An absolute beginner's guide to Blockchain - Part 1
If there is one subject that has been discussed more than any other in the world of digital in 2017 it is blockchain. Whether it is the general news channels discussing the rise of Bitcoin and the fortunes being made, or the more specialist news outlets talking about the technology of Blockchain and how it can be applied to many things other than just crypto-currencies. Either way it is hard to avoid someone telling us all about Blockchain and how revolutionary it is.
At this point I should make a confession.
For a long time I had no idea how Bitcoin worked, or what Blockchain technology was. I simply didn’t get it.
It was only down to the patience of a few clever people and some very well written websites that I began to finally get a vague understanding of the whole subject.
I’d like to think that I’m not the only person out there who has spent a long time struggling to get their head around the basic concept, and so I’m going to try to explain it in the simplest way I possibly can.
I should add that I will be using Bitcoin, and crypto-currency as a way of explaining the technology, not because it is the only, or even best way to utilise it. But because it is the best way I can think of to explain it in terms that actually make any sense at all to me.
In this, part one, I will try to explain why it is that it didn’t make any sense at all to me until recently. And hopefully you’ll have a good grasp of the concept before we move on to part two!
If I have a ten pound note, and I give it to my friend Mark I am sure you will agree that I have given him ten pounds. He and I are both fully aware of the transaction, and there is no need for anyone else to get involved.
I had a ten pound note. Now he has a ten pound note.
The physical presence of the note is what makes the transaction so simple. There is no debate about who has it, when it was passed from one of us to the other, and what the implications of the transfer are. Neither one of us needed an authority figure to tell us the note had been transferred, and that the new owner was now Mark.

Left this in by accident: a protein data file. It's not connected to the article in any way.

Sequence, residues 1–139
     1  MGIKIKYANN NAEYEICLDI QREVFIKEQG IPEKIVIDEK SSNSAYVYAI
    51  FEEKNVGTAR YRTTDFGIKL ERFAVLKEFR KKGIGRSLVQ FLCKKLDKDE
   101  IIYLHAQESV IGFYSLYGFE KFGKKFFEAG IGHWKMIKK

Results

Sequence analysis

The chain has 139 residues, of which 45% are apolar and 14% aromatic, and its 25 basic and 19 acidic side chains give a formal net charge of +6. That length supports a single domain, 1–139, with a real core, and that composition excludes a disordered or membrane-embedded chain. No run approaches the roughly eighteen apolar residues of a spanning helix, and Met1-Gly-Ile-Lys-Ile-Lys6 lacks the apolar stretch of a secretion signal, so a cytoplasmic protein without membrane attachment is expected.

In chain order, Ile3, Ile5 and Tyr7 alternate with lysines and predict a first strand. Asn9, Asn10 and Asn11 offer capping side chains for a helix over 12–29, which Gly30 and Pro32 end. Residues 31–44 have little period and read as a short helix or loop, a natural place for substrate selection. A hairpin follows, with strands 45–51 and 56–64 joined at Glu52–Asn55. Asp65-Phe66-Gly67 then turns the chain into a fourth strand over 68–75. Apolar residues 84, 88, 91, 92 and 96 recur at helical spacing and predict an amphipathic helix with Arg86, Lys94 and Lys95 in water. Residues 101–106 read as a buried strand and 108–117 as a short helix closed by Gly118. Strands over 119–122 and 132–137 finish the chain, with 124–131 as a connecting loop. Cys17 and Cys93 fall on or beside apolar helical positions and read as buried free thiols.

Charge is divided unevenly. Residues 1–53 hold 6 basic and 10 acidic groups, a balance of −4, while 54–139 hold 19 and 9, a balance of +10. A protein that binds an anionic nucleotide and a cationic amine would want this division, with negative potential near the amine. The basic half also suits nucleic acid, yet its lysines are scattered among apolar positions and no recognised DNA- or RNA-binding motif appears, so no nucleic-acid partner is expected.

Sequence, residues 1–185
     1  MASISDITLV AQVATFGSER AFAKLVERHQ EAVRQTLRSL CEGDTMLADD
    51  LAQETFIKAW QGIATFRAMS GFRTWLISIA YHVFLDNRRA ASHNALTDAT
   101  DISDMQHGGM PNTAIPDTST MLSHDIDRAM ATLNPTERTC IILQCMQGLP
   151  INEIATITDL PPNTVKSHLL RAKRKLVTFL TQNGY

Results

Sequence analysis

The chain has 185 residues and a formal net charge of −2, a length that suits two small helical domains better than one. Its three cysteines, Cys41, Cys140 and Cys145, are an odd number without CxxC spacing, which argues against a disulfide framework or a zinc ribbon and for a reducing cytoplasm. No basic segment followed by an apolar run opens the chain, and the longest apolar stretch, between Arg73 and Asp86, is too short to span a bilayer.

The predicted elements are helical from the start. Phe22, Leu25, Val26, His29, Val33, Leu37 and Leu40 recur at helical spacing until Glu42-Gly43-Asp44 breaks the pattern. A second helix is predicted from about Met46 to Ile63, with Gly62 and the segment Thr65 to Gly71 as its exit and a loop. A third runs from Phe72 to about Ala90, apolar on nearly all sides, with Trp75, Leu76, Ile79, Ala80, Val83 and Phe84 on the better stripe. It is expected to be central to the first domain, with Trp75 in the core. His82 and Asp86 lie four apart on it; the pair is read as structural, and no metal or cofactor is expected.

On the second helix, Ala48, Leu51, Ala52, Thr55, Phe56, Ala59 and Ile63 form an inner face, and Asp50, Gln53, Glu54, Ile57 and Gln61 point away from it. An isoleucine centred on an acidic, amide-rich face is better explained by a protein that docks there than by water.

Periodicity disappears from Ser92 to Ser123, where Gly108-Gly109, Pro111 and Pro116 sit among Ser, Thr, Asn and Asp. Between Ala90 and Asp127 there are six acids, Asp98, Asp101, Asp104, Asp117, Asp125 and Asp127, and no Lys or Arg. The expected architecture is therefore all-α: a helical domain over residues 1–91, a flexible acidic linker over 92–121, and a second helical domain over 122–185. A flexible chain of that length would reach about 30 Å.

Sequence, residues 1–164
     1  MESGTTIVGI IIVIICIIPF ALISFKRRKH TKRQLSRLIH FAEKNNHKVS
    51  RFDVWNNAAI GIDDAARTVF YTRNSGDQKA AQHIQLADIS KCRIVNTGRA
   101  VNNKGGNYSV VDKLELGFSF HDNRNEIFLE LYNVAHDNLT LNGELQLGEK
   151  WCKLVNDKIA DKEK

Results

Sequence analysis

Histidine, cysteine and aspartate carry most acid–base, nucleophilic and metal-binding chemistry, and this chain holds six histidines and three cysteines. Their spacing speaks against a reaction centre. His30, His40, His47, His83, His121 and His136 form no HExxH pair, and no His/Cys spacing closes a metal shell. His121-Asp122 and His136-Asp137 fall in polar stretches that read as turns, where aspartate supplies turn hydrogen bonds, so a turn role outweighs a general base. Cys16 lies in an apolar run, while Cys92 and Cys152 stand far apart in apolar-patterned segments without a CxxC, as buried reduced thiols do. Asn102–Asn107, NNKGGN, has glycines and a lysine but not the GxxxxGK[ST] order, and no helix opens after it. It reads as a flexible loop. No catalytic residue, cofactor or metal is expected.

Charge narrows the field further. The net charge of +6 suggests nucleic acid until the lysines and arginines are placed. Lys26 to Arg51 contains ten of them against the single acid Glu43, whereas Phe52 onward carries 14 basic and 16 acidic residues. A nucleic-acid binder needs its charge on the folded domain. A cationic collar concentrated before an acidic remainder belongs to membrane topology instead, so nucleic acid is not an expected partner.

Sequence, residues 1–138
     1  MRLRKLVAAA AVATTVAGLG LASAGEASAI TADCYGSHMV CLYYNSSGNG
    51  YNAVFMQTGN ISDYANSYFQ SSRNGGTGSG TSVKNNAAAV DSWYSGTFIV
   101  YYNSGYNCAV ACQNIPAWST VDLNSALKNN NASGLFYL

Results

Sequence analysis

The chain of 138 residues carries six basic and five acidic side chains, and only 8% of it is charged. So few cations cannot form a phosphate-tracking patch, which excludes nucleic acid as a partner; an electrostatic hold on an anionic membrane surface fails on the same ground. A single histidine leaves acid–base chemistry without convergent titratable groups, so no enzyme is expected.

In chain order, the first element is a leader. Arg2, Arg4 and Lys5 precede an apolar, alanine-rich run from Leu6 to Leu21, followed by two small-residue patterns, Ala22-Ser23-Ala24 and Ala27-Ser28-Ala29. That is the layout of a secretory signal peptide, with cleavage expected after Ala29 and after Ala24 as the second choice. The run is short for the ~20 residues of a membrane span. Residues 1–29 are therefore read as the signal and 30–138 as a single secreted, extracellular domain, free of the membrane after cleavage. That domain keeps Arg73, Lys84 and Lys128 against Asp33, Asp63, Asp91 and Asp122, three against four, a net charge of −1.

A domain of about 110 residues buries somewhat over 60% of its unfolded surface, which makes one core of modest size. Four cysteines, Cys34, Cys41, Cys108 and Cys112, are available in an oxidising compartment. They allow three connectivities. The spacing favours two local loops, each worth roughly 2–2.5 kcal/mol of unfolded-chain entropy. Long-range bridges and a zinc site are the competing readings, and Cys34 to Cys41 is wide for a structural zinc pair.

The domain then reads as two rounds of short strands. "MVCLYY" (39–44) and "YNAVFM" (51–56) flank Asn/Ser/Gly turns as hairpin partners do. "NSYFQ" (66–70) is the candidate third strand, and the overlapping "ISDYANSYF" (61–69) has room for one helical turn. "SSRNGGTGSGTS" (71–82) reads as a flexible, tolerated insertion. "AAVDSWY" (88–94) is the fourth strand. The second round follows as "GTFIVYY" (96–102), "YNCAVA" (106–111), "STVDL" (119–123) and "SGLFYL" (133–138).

However this only holds true because of a number of basic assumptions on the part of both Mark, and me.
The first assumption is that the ten pound note actually exists and has any intrinsic value.
The second assumption is that I can only give him that specific ten pound note once.
Neither of these feel as if they are necessarily true as soon as we make the ten pounds a digital ten pound note instead of a real tangible papery, plasticky one.
The next part might seem like a bit of a weird tangent, but stick with it, it does make sense I promise.
Money doesn’t actually exist
This might seem like a big claim, but it’s a fair one when you actually look at it.
If you go back far enough in time you will get to a time where money genuinely didn’t exist. If I grew more apples than I could eat I might offer to swap some of those surplus apples with you. Perhaps you had more cows’ milk than you could drink? I would give you some apples, you would give me some milk. Between us we would work out how much of your milk was a fair exchange for my apples. The problem with this is that nothing had an accepted value, things were only worth what you could get for them, and that could change from day to day, or even from hour to hour. If I got my own cow, suddenly I wouldn’t feel as well disposed to give you my apples in exchange for milk. But that is a nice rabbit fur shirt you’re wearing…
Of course it was also possible to exchange apples for some sort of universally recognised commodity such as precious metal, but to do that the value of that specific piece of metal needed to be guaranteed.
And thus coins were born. The coin itself was simply a pre-determined amount of a precious metal. And therefore it had a specific, measurable value. You could cut your silver groat in half and each piece would still have value. Coins even had lines on to show you where to cut.